Spring into construction season

Thirteen miles of I-275 to be shut down in the spring of 2016

BY JAMES DYER & ELAINE GEROU 
NEWS EDITOR & EDITOR-IN-CHIEF

Come Spring 2016, many Schoolcraft commuters will need to find alternatives routes to campus due to upcoming highway closures. The Michigan Department of Transportation (MDOT) has scheduled I-275 to be reconstructed in the upcoming year, thus affecting nearly all local travel. Local motorists voted in favor of this construction on Tuesday, Oct. 13, and it will come to fruition in just a few short months.

“It’s going to cause a hassle for sure, but it’ll be worth it in the end. Driving down 275 is terrible [now],” said Schoolcraft Student and Canton resident Aaron Pelachyk .

The total cost of the project is projected to be a $70 to 80 million dollar investment, while traffic control and costs are believed to be as high as $1.04 million. Encompassing a 13 mile stretch of the freeway, fixtures will include pavement patches, repairing of ramps, drainage, 16 bridges and transportation works, and the construction hopefully will improve travel in the future.

Respondents asked for the method of traffic f low to be handled between 5 Mile and I-96/696 interchange, so important exits for many Schoolcraft staff and students will be closed.

In the past three years, this is the second project that will consume a large area of Metro-Detroit, I-96 reconstruction having taken place in 2014. The upcoming I-275 construction is scheduled to begin in the spring of 2016, but there is no official start or end date decided yet.

According to Livonia Police Chief Curtis Caid, Livonia’s officers already have training in the field of detours due to the recent I-96 construction of last year that crowded the streets of the local cities affected. Therefore, traffic control will be taken with more precaution and handled with more ease. While Schoolcraft commuters will be affected, the detours should be handled well.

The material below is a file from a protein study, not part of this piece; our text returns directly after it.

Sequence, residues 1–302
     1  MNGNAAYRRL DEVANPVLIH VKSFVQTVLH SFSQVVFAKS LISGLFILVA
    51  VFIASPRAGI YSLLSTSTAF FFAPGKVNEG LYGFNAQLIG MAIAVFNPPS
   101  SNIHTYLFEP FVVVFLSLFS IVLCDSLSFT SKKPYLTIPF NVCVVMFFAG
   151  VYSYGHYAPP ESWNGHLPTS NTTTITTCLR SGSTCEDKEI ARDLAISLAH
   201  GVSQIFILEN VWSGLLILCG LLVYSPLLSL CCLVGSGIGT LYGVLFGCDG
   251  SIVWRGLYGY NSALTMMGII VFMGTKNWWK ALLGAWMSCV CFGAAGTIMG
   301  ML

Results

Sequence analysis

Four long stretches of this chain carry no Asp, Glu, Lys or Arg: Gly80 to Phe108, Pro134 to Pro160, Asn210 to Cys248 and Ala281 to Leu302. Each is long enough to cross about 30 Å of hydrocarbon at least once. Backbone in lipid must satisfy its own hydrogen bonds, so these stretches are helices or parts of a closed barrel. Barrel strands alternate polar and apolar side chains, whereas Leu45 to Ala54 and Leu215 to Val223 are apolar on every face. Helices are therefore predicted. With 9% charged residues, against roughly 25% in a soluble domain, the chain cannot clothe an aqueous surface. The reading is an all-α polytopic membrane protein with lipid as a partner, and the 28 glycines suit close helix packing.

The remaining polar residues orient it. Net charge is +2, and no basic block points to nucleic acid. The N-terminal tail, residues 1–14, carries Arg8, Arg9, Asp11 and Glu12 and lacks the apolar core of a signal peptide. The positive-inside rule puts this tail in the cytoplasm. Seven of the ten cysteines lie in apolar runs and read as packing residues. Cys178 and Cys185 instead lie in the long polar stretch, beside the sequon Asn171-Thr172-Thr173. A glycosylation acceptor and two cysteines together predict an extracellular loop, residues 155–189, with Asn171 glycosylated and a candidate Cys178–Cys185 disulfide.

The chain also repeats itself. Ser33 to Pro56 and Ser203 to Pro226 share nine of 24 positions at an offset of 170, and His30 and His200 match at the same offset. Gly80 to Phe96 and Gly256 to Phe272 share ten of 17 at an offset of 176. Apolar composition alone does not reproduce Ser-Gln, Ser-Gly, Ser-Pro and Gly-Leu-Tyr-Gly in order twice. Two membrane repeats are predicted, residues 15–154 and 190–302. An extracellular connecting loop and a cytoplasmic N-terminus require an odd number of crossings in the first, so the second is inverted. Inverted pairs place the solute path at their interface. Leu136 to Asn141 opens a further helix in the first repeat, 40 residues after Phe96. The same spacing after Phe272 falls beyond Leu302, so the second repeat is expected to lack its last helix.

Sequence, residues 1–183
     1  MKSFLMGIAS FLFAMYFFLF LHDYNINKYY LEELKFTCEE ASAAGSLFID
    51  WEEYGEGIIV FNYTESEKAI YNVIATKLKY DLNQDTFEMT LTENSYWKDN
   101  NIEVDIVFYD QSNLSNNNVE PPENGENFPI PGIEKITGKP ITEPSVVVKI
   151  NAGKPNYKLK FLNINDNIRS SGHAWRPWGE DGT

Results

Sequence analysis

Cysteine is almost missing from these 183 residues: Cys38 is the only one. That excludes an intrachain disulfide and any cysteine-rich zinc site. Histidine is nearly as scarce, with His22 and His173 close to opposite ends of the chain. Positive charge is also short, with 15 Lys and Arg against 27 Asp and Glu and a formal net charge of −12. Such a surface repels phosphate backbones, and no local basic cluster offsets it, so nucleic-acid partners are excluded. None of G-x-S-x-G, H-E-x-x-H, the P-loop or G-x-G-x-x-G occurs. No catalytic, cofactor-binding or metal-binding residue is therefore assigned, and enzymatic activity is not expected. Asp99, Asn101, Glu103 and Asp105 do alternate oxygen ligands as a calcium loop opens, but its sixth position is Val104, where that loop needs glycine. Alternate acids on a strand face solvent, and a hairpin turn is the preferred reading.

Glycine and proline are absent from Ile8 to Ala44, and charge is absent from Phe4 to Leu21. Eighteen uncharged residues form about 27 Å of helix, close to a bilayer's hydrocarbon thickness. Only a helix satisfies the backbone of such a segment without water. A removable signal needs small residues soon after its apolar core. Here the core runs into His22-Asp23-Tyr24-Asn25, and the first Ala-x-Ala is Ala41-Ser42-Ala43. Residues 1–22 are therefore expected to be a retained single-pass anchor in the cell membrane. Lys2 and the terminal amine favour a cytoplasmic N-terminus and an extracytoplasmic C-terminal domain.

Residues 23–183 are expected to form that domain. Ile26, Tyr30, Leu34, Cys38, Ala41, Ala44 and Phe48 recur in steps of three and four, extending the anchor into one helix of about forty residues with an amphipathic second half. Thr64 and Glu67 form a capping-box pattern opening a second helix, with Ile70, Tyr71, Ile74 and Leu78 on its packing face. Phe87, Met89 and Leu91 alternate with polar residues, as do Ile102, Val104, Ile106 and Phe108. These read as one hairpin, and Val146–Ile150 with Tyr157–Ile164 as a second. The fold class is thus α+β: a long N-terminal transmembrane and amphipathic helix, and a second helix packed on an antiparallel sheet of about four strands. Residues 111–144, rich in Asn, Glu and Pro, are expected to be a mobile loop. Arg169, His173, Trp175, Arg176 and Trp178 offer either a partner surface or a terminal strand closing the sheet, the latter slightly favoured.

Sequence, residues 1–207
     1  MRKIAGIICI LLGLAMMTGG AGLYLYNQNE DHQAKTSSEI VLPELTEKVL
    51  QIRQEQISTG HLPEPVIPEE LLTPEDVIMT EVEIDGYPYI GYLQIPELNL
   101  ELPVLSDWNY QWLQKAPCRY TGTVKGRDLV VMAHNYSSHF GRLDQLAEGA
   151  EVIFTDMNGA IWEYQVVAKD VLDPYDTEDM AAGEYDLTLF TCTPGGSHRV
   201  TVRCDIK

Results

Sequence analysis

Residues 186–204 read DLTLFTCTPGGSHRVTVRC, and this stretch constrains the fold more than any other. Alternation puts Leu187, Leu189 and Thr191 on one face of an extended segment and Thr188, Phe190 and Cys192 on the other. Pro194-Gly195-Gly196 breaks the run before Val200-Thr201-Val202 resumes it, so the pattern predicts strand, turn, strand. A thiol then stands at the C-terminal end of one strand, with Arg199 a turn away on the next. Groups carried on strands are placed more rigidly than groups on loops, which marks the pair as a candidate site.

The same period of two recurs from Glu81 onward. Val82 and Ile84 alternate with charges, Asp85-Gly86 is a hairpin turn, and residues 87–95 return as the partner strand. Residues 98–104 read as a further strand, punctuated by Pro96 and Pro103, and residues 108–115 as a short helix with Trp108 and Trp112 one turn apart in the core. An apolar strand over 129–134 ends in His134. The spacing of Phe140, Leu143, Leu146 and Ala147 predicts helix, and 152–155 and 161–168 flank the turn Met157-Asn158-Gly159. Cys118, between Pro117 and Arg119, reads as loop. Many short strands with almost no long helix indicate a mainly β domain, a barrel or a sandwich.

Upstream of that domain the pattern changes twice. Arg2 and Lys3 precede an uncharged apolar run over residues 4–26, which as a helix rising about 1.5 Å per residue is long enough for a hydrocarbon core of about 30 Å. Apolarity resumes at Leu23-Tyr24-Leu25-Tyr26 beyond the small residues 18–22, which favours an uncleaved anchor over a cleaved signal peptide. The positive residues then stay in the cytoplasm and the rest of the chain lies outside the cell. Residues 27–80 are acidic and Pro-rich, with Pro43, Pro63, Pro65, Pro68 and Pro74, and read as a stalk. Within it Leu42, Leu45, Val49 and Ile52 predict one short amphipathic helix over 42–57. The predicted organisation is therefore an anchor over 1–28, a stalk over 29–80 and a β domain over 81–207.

Much like the I-96 construction, MDOT took the citizens’ surveys into consideration, and after a recent survey of 3,765 Michigan residents, it was decided to close one direction at a time instead of both directions at once in the upcoming construction. This is unlike the recent I-96 project due to the

IMAGE BY JAKE MULKA | PHOTO EDITOR IMAGES BY JAKE MULKA | PHOTO EDITOR Although construction on 275 will be a lengthy process, one side of the freeway will be open at a time.

IMAGE BY JAKE MULKA | PHOTO EDITOR
IMAGES BY JAKE MULKA | PHOTO EDITOR
Although construction on 275 will be a lengthy process, one side of the freeway will be open at a time.

of easy going detours. The surrounding streets would not be able to handle the traffic f low from a completely closed I-275, so one direction at a time will be shut down instead.

As always, drivers will have to be more aware with greater traffic f low on the road, and the Livonia Police and MDOT want drivers to take extreme precaution when driving in heavy traffic, especially around campus.

Much like the recent I-96 project, I-275’s construction will interrupt many people’s daily routines and routes.

“Getting to school isn’t a fun drive as is. With the highway shutdown, it’ll be ten times worse,” said Schoolcraft student, and Canton resident Kali Jervis.

The highway will have a direct impact on the students in the Plymouth/Canton and Livonia districts and the thousands of others that also rely on I-275 as their main route for commutes.

“We always encourage drivers to be cautious, but what they can expect is increased traffic f low on the main roads [surrounding Schoolcraft’s campus],” said Chief Steven Kaufman, Director of Campus Police Security.

Kaufman said that traffic could be expected to resemble dense holiday traffic for the entire duration of the construction which is only expected to take one construction season. Luckily for Schoolcraft students though, the Campus Police Authority’s Twitter page, twitter.com/SCCampusPA, will be tweeting traffic and construction updates, as well as routes for drivers to avoid the highest traffic areas during the construction.

Once the freeway is finished, all drivers will have a more enjoyable commute, free of potholes and cracks. Although the extended travel times and heavy traffic will be a nuisance, it will ultimately be worth it in the end. For more information, visit michigan.gov/mdot/0,4616,7- 151-9621_11008-366762–,00. html.